CFC's Reaching Stratosphere
Why do CFC's reach the stratosphere if they are heavier
than the air?
CFCs in the atmosphere exist as gases. Gases have rather weak intermolecular attractions
and they exhibit the property of diffusion -- that is, their molecules are in incessant
vibrational, rotational, and translational motion. Even though their densities are
greater than that of air, CFCs will ultimately mix with and diffuse about in air.
In time, some will reach the uppermost parts of earth's atmosphere.
Gases, heavier than air, reach high altitudes by convection -- the physical
mixing of masses of the atmosphere. Once there CFC's undergo photochemical
chain reactions so that a small quantity of CFC's propagate
atmosphere-damaging chemical reactions.
Almost any molecule or particle that is not too much heavier
than air can be transported long distances horizontally or
to great heights vertically by atmospheric motions. For instance,
consider the great heights to which thunderstorms can reach,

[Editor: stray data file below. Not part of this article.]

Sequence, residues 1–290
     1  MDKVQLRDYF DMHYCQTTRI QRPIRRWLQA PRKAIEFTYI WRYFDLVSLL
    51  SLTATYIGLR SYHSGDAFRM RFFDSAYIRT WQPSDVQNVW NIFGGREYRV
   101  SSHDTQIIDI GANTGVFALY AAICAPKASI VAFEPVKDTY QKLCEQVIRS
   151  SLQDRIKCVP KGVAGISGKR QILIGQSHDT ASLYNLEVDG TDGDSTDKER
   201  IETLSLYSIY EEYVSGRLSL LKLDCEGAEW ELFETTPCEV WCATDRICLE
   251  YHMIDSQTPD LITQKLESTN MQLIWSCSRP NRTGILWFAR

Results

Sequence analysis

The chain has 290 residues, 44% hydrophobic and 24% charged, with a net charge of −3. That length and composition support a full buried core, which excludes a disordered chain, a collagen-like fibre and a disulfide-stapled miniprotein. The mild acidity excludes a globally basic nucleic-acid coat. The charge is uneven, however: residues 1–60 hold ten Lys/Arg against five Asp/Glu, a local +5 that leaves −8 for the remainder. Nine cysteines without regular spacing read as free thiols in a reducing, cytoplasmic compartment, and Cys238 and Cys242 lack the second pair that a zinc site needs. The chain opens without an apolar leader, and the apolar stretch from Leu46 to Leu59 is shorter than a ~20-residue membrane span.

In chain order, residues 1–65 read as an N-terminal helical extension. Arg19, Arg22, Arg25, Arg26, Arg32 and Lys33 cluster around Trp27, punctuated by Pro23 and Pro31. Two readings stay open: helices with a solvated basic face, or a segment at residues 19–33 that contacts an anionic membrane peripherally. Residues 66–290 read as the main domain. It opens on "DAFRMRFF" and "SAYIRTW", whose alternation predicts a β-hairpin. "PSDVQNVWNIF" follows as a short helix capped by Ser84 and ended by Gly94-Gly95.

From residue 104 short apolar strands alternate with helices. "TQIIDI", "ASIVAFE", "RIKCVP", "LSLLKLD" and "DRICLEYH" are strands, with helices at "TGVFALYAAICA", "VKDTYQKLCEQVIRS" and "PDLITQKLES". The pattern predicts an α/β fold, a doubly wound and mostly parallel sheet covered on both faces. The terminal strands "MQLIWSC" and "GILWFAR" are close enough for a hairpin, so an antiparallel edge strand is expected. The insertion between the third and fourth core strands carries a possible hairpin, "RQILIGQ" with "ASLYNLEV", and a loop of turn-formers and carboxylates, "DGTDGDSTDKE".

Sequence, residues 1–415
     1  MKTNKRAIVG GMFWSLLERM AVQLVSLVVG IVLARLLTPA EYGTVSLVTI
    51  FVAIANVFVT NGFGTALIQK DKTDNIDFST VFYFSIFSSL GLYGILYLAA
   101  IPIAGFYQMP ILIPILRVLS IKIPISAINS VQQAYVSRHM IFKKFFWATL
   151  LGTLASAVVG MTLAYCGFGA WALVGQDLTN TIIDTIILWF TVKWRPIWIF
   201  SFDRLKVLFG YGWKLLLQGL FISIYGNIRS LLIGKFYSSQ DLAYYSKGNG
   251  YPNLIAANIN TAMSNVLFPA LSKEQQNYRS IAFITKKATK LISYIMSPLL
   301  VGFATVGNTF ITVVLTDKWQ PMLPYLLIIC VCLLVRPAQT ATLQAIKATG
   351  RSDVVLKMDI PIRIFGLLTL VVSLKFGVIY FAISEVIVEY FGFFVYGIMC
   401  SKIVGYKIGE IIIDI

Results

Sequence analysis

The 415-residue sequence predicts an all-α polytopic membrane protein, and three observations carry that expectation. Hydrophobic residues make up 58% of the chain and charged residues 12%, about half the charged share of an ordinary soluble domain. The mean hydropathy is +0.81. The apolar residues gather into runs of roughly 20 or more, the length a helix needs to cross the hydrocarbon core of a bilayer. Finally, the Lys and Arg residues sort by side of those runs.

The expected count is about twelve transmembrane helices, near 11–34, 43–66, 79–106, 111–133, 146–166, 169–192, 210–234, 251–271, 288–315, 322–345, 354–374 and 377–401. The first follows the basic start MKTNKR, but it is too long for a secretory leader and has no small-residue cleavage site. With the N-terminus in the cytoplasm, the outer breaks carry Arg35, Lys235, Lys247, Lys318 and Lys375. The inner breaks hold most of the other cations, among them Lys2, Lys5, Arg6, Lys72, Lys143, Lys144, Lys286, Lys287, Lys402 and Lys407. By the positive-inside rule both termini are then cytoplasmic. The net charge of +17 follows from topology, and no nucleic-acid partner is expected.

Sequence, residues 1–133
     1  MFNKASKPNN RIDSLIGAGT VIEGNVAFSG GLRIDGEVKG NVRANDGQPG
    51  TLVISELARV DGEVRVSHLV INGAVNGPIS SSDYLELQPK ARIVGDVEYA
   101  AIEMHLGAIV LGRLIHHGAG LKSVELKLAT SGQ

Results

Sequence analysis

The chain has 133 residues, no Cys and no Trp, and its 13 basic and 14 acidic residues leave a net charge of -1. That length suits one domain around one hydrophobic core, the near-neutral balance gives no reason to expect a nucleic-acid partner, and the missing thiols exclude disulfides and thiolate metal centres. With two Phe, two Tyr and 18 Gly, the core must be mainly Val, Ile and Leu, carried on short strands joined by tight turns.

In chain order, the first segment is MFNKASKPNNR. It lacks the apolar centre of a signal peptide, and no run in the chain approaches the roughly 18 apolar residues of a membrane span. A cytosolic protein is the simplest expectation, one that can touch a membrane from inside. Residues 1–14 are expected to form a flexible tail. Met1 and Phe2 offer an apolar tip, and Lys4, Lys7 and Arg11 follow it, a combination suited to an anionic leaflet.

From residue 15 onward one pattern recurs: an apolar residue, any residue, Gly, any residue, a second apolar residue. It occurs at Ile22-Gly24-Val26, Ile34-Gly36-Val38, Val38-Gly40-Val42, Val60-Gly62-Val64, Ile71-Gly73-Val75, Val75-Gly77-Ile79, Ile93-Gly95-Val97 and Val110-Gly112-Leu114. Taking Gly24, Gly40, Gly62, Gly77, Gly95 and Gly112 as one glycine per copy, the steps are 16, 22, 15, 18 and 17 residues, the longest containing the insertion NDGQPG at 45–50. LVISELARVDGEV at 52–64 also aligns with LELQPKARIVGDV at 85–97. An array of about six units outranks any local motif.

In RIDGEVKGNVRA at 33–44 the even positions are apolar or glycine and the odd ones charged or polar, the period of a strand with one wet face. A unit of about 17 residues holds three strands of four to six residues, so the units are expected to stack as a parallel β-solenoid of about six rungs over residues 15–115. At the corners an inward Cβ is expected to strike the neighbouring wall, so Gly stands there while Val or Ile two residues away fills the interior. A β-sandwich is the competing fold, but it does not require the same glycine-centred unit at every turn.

well into the stratosphere. As the air rises in the thunderstorm,
it carries with it whatever pollution and particles that were
near the surface. Thus they can end up in the stratosphere. Not
being too much heavier than air and with little for mechanisms to
remove them (little vertical motion, little water vapor, no
precipitation, etc.), CFCs can reside in the stratosphere
for a long time before they literally fall out down towards the
David R. Cook
Atmospheric Research Section
Environmental Research Division
Argonne National Laboratory
Click here to return to the Weather Archives
Update: June 2012